Leaving the Bay Area - The Great Tech Migration of 2021

There has always been a lot of chatter on other cities recreating the Silicon Valley ethos. Even knock-off names developed - Silicon Alley (NYC), Silicon Beach (Santa Monica), Silicon Slopes (Utah), etc. This was all before COVID. Of course this year,  all the chatter is about remote work. Does company location even matter? Instead of companies moving, it’s the people migrating into Miami, LA, and even abroad (there are tax implications but I hear it all the time) -- and working remotely from wherever they choose.


Well, add me to the list. I’ve officially moved away from the Bay Area and have settled in San Diego. I took a brief (and always planned as temporary) stop in West Hollywood for the majority of the COVID lockdown -- but have now landed in San Diego. My own story is a bit more complicated than just chasing sun or fun or the latest hot spot. But these are also factors, even for me. In the post-COVID world -- how much of the Silicon Valley powerhouse will remain?


How Remote Work Impacts the Migration


More remote work and remote employees are here to stay. This was happening pre-COVID. The labor migration started with access to talent and lower costs -- but talent first. Top companies seek talent foremost and cost savings second.


COVID gave permission to many employees who were on the fence. Being forced to work from home meant that those small city apartments needed an upgrade. Without the draw of the office, nature began calling. You get the idea. With more talented employees moving away in higher numbers, companies will have to adapt -- and the truth is, if they survived the last year, they already have.


The New Hot Spots


There’s plenty of other places to go. Each has their own draw. And people each have their own motivations. Fun, family, space, the outdoors, weather. Here’s what I hear most.


Southern California - As someone who grew up in Northern California, I didn’t always get Southern California. So busy. Smog. More traffic. But, man, the weather. The sun. The beach. And now after having worked in Pasadena, lived in West Hollywood and San Diego, spent time in Santa Monica -- okay, I get it. There’s a lot here. More diversity than Northern California. The weather. LA culture scene. More than the Bay. I am here for all of that plus I’ve got family in San Diego. It just added up to be here. Did I mention the weather?


Miami - If you follow the Tech / VC Twittersphere, you’ve seen at least 10,000 tweets about Miami. I’ve been. Maybe not enough. It’s still Florida people. Really I think this is the NorCal -> SoCal equivalent of NYC -> Miami.


New York City - NYC has always followed Silicon Valley, but NYC will survive the “city migration storm” better than SF. NYC just has more. More industries. More culture. More apartments. NYC is my favorite city in the world. It will continue to be a powerhouse in all things. I expect it to continue to move up the ranks in the tech ecosystem.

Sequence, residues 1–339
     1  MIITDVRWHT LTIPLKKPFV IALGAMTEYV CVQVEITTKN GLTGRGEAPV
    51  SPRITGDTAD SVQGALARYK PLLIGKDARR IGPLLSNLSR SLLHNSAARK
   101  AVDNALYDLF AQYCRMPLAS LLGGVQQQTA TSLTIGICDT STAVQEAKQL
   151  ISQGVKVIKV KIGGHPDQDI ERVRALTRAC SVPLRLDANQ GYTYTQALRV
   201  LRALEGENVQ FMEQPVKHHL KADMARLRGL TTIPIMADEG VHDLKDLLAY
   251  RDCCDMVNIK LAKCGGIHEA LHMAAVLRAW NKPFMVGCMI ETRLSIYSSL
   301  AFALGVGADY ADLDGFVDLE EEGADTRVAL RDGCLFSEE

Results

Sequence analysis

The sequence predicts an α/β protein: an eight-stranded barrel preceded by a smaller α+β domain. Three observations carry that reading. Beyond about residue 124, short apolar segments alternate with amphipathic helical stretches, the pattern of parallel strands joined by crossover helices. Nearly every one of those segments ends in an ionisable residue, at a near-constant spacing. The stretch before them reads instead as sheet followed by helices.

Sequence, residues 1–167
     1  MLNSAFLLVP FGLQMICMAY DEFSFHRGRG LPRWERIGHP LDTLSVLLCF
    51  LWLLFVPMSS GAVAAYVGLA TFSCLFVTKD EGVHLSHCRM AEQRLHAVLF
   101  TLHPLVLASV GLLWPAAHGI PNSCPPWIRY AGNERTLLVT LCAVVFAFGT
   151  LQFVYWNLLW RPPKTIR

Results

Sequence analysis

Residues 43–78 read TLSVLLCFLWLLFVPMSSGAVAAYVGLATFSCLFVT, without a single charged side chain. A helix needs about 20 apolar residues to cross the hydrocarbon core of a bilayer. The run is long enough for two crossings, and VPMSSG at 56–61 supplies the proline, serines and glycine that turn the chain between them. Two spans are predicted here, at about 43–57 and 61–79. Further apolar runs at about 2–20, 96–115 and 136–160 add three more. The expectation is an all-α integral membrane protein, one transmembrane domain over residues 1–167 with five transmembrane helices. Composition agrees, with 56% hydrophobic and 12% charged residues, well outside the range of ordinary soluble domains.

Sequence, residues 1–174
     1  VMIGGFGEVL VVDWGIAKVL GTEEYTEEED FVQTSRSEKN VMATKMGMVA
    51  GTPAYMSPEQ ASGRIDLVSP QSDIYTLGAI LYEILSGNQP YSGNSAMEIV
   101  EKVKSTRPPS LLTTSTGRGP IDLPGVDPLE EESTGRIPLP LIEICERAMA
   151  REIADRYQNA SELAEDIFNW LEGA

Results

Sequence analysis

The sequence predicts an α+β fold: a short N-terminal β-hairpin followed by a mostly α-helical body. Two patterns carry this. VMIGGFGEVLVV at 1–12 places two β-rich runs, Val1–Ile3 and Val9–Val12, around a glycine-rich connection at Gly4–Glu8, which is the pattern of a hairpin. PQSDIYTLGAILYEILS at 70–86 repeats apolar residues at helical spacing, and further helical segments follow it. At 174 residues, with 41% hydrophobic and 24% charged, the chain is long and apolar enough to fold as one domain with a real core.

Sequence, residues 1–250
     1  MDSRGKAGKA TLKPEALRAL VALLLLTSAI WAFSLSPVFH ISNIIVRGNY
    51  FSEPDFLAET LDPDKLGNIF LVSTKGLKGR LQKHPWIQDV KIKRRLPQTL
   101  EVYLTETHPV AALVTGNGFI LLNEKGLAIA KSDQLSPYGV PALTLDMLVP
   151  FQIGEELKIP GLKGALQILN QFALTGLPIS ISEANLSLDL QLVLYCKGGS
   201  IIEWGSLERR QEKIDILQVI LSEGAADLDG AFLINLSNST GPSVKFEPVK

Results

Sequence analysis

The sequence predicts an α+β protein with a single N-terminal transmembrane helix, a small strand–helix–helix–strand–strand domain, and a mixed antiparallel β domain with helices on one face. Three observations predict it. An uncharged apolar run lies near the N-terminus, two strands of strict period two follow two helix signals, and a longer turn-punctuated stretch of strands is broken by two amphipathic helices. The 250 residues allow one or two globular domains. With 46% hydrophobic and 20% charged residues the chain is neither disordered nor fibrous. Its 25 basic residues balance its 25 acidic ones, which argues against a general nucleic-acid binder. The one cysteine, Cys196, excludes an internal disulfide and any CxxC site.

Texas, Colorado, and Others - For everywhere else, I think it’s a different narrative that fits best. It’s the expansion of technology more broadly. Everything will eventually involve a tech element. Tech is assaulting every industry. Players in traditional industries can win if they embrace technology. Works both ways. Every “sales force” should be using Salesforce.com (or related - you get the idea). In that sense, every city, with whatever companies are there, will need more tech workers. That’s in addition to whatever “tech” company plants an office there. A rising tide lifts all boats. These aren’t going to displace SF or NYC etc, but will provide additional opportunities for migrating tech workers.


Just a natural progression?


Yes, a portion of this is just simply a natural process. That doesn’t make for good clickbait headlines though. Software is eating the world. You’ll see tech workers in every city.


San Francisco and the Bay Area’s to lose?


In some ways. But I don’t think the center is gonna change anytime soon. Most industries retain a dominant geographical headquarters. Detroit is still the center of automotive. But, the luster of Detroit is not what it once was, as that industry isn’t the cutting edge market leader. And international competition plays a role too. Etc. That will also happen to San Francisco and the Bay Area. Not quickly though. And there is a bit of self-inflicted chaos that doesn’t help.


The New Normal


As business owners, we need to stay ahead of the game. Find ways to make remote work. Business travel will come back. Offsites and get-togethers will be as important as ever -- if not more. Hopefully there’s some office space savings that pay for it, but don’t count on it. It’s probably just one more cost of doing business. And that’s okay too.


So, live where you want to live, and let your employees do the same. Companies who embrace this philosophy will see the future -- no matter where their headquarters are. Those who don’t will be a victim of the great tech migration of 2021.